What is state failure? See my conceptualisation of state failure on the right flank below.

Sunday, April 8, 2007

Talib insurgency shows signs of geographic expansion

MStFB News Commentary

A brief overview today of the situation in Afghanistan. I checked around to see where major combat is going on, and on the basis of news I've come across it seems to me that Talibs are actually quite a force to be reckoned with at the moment.
British Royal Marines have been battling Talib fighters in the area of the Kajaki dam for months now. They've been regularly meeting stiff resistance there which they can blast aside when they encounter it, but can't erase for good. 'We come in constant contact with them, but we have firepower they can't match', is what one British Marine said in comment about the previous months' fighting. 'I have seen a bit of action. I took part in the Iraq war, and I have been back there. I have also spent a lot of time in Northern Ireland. But this is the scariest place I have been to. I have never had so many bullets whizzing past at such a rate. And this is constant. One of our busiest days was at Christmas - for some reason they opened up and just kept going', said another. Yet another had this on his mind: 'They have been well trained in military fashion - I don't really want to speculate by which country. We have watched them carry out patrols, and it is pretty professional'. So, to add up the picture: elite British troops wielding FGM-148 Javelin anti-tank missiles and being able to call in Tornado strikes, should the need arise (it often does), talk appreciatively of an opponent they couldn't defeat for months.
The stakes of the previous months was: establishing a 6 km wide exclusion zone around the important Kajaki dam that is set to undergo major reparation by US construction company Lewis Berger. With this mission accomplished, the currently sporadic power supply could be stabilised and service expanded to reach 2 million Afghans instead of the current 380,000. That could double the amount of arable land in the south. Rebuilding roads for market access and securing sufficient irrigation for small Afghan farms that produce most of the country's poppy harvest (with the opium fields accounting for only about 1% of total arable land in Afghanistan according to some estimates) is thought to be a major part of the to-do-list in the opium war.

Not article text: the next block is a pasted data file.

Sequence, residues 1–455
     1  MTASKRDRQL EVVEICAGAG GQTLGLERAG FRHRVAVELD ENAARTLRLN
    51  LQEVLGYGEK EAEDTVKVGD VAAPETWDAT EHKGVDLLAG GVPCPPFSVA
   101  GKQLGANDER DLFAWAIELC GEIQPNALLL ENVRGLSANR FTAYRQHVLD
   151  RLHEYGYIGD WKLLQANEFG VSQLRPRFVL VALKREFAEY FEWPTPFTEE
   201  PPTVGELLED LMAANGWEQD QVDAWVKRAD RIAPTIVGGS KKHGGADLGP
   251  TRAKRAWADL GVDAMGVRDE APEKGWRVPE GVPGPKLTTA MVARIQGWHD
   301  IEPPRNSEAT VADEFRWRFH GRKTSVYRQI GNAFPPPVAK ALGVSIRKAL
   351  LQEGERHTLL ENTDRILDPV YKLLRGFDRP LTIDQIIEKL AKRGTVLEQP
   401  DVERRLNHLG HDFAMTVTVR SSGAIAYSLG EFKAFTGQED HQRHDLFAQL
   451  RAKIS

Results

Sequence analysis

However, if British Royal Marines struggled so much making only slow progress in securing an exclusion zone around the Kajaki dam, one wonders how ISAF forces will do in securing power lines later on. Power lines, at any point along their entire length, can be interrupted with a single, carefully released machine gun round. And I haven't discussed yet that an extensive road network providing Afghan farmers with the chance to market their harvest should also be developed and maintained in the heavily infiltrated area along Helmand River, nearby which one finds the very problematic town of Musa Qala and similar hotspots of Talib activity.
In March this year ISAF has launched the currently on-going Operation Achilles, with 4,500 NATO and 1,000 Afghan soldiers involved, to accomplish the coalition's goals in the Kajaki district and further south along the Helmand River, thus backing up the British Royal Marines, obviously with the goal of establishing a much larger exclusion zone now, one supposes. We'll see how that offensive goes.
Meanwhile, as to the bigger picture, it's not a good sign that we're getting quite regular reports now of Talib activity in Farah Province. An up till now relatively calm place in Afghanistan's West, the 'Mild West', one could say. In February, insurgents briefly occupied the district of Bakwa there. Today they killed 7 Afghans in an ambush on a convoy of American firm Ronco Consulting Corp., active in demining in the country. They were traveling to Herat from Kandahar when the incident happened, inside Farah Province.
The incident shows the potential of Talib forces to stretch ISAF by launching attacks in a larger area now. We'll see if this geographic expansion of insurgent activity is to last.

1 comment:

Péter Wagner said...

In general I would point out that ever since last summer NATO has been moving into territory that hardly any Western soldier's been to since 2001, and so Talibs there were nearly completely left alone. So I don't agree with the general view, that Talibs have all of a sudden grown stronger, and that that's why we might bee seeing all the fighting now. They have grown somewhat stronger, but that's as a result of the calm they enjoyed up till now. Instead of 600 soldiers (there were this many American soldiers in Uruzgan, Helmand and Kandahar partaking in OEF), we now have 6,000 there. They are starting to patrol territory and carry out development - they will inevitably run into Talibs. Some of those 'Talibs' by the way are not really Talibs as such, rather traditional warlords who sympathise with Talibs as long as they don't get a better offer. However, the steadfastness the Talibs are showing is surprising. Here's this news report from last year, a detailed account of the siege of Sangin: http://news.scotsman.com/international.cfm?id=1088802006. Usually favouring other tactics, Talibs only show such steadfastness when they have to fight in their own backyard.